Magazine article Insight on the News

Super ATMS, Smart Cards and Deregulation Change Banking

Magazine article Insight on the News

Super ATMS, Smart Cards and Deregulation Change Banking

Article excerpt

Technology not only is changing the way we bank, it's changing the way we spend. Already ATMs are asking bank customers if they want to spend the money they're withdrawing -- even before it's dispensed!

Banking may never be the same. Though financial power continues to reside in the towering skyscrapers and traditional banking centers of Wall Street, the network that handles the electronic transfer of trillions of dollars is shifting across the Hudson River to--of all places--Secaucus, N.J.

Since the 1980s, the "Secaucus corridor" has become home to financial powerhouses such as Citibank, NYCE (a consortium of major New York banks) and the New York Clearing House (which settles transactions between institutions). Even Texas-based Electronic Data Systems, or EDS, runs 12,000 automated teller machines, or ATMs, all across the country from its center in Rochelle Park, N.J. Next year, the Federal Reserve Fedwire will relocate to New Jersey, taking with it $900 million worth of business in electronic fund transfers.

This year, the Secaucus corridor's daily flow of money will surpass $1 trillion, while New York's slips to $1.5 trillion (from more than $2 trillion at present). New Jersey will process more transactions -- about 3 billion per year -- than anywhere in the country.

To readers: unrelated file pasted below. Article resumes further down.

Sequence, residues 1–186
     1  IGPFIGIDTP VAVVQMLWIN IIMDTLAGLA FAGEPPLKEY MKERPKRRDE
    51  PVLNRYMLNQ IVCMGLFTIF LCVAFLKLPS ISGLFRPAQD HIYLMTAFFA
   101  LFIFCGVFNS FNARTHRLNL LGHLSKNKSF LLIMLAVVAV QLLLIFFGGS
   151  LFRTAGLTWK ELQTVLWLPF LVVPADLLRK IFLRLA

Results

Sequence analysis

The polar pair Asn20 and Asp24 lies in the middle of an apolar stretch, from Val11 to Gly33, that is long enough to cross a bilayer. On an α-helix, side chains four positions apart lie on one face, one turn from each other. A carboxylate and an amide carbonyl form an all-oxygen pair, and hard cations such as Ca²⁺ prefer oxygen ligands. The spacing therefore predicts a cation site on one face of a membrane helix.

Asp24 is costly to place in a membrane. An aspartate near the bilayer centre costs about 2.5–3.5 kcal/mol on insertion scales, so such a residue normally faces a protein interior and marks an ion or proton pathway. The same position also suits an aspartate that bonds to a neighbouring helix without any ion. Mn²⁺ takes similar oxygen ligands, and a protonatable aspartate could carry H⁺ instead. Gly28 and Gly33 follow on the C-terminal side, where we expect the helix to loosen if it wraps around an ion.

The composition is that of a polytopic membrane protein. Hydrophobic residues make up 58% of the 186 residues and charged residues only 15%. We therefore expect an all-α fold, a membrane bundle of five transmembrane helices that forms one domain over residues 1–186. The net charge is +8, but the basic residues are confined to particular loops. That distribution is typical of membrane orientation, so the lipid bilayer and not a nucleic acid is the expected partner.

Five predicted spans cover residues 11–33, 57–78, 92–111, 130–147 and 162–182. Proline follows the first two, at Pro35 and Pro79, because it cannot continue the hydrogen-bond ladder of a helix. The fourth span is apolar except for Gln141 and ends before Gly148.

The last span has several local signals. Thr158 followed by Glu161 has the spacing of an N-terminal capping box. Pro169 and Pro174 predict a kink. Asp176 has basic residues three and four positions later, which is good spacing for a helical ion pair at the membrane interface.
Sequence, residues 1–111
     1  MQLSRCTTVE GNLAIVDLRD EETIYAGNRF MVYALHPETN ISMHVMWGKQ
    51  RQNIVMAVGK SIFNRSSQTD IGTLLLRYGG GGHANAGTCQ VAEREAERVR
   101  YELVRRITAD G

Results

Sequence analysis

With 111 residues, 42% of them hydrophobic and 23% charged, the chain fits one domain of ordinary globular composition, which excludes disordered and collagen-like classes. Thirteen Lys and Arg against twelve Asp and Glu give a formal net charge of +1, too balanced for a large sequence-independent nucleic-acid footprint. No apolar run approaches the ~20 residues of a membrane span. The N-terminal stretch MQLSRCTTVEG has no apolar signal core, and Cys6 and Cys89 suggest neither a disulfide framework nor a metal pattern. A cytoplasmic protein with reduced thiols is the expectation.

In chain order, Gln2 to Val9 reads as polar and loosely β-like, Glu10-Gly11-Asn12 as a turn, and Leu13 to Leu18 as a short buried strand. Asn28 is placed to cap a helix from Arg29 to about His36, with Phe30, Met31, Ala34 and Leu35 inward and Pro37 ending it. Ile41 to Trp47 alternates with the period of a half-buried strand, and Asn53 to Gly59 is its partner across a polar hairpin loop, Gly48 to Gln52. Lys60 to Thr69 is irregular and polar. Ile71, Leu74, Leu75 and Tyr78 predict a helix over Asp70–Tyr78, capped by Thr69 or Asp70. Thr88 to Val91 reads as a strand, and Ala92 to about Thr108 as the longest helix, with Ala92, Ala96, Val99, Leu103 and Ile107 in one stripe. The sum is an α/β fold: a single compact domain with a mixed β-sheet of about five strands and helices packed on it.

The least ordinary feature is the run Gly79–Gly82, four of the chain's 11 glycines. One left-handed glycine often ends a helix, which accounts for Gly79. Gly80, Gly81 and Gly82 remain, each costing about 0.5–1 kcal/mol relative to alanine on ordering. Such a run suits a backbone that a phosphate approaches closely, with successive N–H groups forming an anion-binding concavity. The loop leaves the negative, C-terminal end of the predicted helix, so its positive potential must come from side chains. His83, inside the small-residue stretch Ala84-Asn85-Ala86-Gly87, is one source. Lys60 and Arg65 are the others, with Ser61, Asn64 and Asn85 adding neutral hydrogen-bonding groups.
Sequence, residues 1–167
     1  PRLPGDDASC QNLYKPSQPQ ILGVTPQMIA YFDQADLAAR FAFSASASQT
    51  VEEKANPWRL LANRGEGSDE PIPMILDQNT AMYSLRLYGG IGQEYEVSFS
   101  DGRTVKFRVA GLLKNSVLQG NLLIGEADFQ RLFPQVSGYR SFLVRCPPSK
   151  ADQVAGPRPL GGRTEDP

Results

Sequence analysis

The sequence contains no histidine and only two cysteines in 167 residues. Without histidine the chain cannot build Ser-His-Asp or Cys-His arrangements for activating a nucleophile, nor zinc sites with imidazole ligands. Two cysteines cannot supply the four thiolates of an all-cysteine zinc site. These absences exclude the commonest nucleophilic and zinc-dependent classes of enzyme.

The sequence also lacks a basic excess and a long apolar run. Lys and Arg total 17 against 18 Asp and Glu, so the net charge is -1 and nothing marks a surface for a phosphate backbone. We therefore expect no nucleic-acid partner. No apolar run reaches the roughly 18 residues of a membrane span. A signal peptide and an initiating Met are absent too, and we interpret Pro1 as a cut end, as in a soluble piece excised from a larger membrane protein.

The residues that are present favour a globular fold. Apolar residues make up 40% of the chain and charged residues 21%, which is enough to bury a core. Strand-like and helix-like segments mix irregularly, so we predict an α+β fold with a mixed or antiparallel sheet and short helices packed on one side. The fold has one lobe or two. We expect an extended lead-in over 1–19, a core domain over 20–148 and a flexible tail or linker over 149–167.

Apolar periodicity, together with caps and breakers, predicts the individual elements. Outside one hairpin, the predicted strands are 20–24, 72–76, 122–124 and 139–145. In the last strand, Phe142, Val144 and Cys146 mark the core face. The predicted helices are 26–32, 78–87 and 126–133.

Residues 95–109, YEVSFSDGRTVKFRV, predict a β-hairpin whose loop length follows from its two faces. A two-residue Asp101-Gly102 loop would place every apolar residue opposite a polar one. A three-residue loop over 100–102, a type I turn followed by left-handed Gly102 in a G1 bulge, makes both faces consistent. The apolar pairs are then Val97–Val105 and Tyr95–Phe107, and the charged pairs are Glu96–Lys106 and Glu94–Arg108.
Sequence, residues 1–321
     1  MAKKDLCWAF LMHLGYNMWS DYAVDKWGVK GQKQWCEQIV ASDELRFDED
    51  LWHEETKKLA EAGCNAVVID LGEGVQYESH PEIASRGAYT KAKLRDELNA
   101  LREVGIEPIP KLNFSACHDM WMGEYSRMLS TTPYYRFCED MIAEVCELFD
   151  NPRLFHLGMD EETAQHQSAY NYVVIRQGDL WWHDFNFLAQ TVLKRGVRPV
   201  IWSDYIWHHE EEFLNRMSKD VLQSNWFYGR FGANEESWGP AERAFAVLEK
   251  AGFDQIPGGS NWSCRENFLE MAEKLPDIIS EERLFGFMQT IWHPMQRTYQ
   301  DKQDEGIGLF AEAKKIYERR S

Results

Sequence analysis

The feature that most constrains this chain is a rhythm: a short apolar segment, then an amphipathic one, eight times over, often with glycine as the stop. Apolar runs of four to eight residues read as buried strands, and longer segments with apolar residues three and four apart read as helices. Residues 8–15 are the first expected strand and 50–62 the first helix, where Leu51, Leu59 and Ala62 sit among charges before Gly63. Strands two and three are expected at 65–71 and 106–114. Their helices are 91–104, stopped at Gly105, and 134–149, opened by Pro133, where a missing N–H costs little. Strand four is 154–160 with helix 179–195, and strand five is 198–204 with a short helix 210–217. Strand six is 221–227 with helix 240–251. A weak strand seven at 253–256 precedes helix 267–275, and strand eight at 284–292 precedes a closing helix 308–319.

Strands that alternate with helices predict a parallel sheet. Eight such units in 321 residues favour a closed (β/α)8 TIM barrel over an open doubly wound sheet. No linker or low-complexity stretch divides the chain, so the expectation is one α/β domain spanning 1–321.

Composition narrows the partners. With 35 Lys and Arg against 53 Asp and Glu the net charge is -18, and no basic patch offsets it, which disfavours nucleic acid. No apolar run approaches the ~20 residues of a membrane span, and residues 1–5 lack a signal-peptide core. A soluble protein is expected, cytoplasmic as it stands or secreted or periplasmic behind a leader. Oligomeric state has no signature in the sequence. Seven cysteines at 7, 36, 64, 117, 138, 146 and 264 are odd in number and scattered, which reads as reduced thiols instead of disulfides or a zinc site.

Secaucus is one of four processing clusters for ATMs (the others are located in Cincinnati, Delaware and Milwaukee). The corridor also is emerging as a center for processing debit-card transactions as well.

Why Secaucus? For one thing, New Jersey has a separate power grid and phone system -- insurance against a computer crash knocking out the entire network in one fell swoop. The state already had a prospering telecommunications industry -- AT&T is the Garden State's largest employer -- and a large talent pool of programmers and software designers. When rents for office space fell during the recession several years ago, Secaucus became even more desirable as a place for banks and financial services to set up shop.

But just as the banking industry is being overhauled, so too is the humble ATM. No longer will the machines be limited to dispensing cash, accepting deposits and providing account information. According to Dale Dentilinger, senior vice president for business relations at EDS, ATMs would be better called ADMs, or automated delivery machines. Though such machines consist simply of a personal computer with a Pentium chip and a printer, "New services are being added on all the time," Dentilinger tells Insight.

Advanced ATMs already offer postage stamps (EDS takes a cut of 64 cents for a sheet of 18) and dispense phone cards. Some will offer Internet access as well. Customers will be able to use them to book a flight and buy tickets to sporting events and movies.

Further down the road, Dentilinger says, it should be possible to apply for a loan using an ATM, which instantaneously will be approved (or denied) by a credit bureau -- and the cash dispensed on site. "The terms and conditions will appear on the screen, and pressing yes will be the equivalent of an electronic signature," says Dentilinger.

Customers can expect to see two or three ATMs lined up next to one another, each providing a specific service. One drawback: Advanced ATMs will feature advertising -- even movie trailers. "We've been moving from the Industrial to the Information Age, but it hasn't touched a lot of consumers yet," Dentilinger adds. …

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